• The significance of the Advance Ruling System in reducing disputes and providing certainty in taxation matters was highlighted.
  • The judgment in CIT Kerala, Ernakulam v. The Travancore Sugar & Chemicals Ltd. addressed the issue of whether the discharge of an obligation paid to the Government was the application of income or diversion of profits.
  • Expenditures on revenue account are those that facilitate trading operations or enhance business effectiveness without impacting fixed capital.
  • The Administrative Mechanism for Resolution of CPSEs Disputes was introduced to replace Permanent Machinery of Arbitration for equitable dispute resolution.
  • The interest income merged with monies in the common Fund loses its revenue character and becomes a capital receipt.
  • Grants given to State Governments and national cooperatives are considered application of income and not expenditure within the course of trade.
  • The decision in Poona Electric Supply Co. Ltd. v. CIT Bombay City emphasized that income tax is based on real income.
  • Disputes within the NCDC Act funding process are ideally resolved at two tiers within specific time frames.
  • Bureaucrats hesitancy in decision-making for fear of post-retirement consequences hampers effective dispute resolution.
  • A Committee of legal experts chaired by a retired Judge may enhance dispute settlement efficiency and reduce apprehensions.
  • Mediation has been proven effective in many countries as a remedy for dispute resolution post-COVID.
  • Payments may be considered revenue or capital based on the perspective of the payer and receiver.
  • Challenges to advance rulings can be initially made to the High Court, then to the Supreme Court for resolution.
  • The distribution of income is considered as the application of income.
  • The judgment in Commissioner of Income Tax, Bombay v. Associated Cements Companies Ltd. cited Viscount Cave’s dictum in Atherton v. British Insulated and Helsby Cables Ltd.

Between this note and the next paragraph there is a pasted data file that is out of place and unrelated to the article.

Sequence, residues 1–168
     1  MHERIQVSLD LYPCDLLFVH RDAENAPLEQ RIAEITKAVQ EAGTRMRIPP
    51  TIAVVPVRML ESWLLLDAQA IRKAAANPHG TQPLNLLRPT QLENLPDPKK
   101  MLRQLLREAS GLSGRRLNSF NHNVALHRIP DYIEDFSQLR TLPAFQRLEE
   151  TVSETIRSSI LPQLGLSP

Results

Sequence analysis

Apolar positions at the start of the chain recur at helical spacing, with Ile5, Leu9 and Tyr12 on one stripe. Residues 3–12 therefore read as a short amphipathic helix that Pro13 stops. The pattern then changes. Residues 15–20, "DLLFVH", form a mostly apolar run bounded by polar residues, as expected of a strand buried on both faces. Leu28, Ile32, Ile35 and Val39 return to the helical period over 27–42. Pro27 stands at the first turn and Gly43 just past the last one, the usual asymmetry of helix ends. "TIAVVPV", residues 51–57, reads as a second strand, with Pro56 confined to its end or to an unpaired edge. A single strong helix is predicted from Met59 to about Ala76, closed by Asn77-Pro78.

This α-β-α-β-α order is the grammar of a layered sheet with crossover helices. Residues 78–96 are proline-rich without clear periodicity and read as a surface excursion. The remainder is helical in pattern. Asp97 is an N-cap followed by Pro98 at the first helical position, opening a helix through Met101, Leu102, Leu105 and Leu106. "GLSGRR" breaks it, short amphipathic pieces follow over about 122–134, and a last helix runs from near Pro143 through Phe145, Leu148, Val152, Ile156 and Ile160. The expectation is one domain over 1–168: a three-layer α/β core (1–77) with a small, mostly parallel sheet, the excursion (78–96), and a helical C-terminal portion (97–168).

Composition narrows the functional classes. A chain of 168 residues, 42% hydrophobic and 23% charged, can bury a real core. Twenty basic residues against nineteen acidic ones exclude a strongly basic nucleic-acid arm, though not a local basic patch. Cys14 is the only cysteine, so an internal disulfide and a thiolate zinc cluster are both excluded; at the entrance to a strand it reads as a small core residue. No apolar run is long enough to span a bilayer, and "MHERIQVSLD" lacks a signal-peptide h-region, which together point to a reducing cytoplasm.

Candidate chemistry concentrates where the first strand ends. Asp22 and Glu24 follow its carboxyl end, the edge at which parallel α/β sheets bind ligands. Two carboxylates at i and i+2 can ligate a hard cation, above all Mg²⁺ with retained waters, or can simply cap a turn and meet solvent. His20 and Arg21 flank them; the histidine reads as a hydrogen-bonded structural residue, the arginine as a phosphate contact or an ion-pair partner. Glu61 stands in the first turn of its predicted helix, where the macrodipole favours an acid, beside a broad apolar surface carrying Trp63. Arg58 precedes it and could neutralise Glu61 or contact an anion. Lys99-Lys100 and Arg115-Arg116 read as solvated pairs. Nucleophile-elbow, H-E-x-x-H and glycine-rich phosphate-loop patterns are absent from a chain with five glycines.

• The High Court erred in losing the revenue character of interest income when amalgamated with the Fund under the NCDC Act.
  • The judgment in The Sole Trustee, Lok Shikshana Trust v. The Commissioner of Income Tax, Mysore supports the view of capital receipts for loans and grants.
  • Determination of real income requires setting off permissible expenses.
  • The gross receipts cannot be solely taxed without considering permissible expenses for real income.
  • Certification cases categorized as wastage of judicial time exist to obtain a dismissal certificate from the highest court.
  • The Government versus Government matters affect the judicial system efficiency and public exchequer and need strategic handling.
  • Real profits determined on commercial principles differ from profits fixed by statute, as seen in Union of India & Ors. v. Pirthwi Singh & Ors.
  • Deductions for real profits differ from distributions made after ascertaining profits.
  • The Finance Act of 2003 added a provision in Section 36 of the IT Act allowing deductions for certain expenditures incurred by corporations established by government acts.
  • Expenditures must be incurred for the authorized objects and purposes of the corporation as per the act under which it is established.
  • Section 37 of the Act allows for the deduction of expenditure laid out exclusively for the purposes of the business or profession.
  • The disbursement of grants has been deemed the core business of the appellant-Corporation.

Also Read: Ineligibility of Resolution Professional and Resolution Applicant – Revisiting the Correct Interpretation of Section 29-A of the Insolvency and Bankruptcy Code


Case Number: C.A. No.-005105-005105 / 2009

Click here to read/download original judgement

Leave a Reply

Your email address will not be published. Required fields are marked *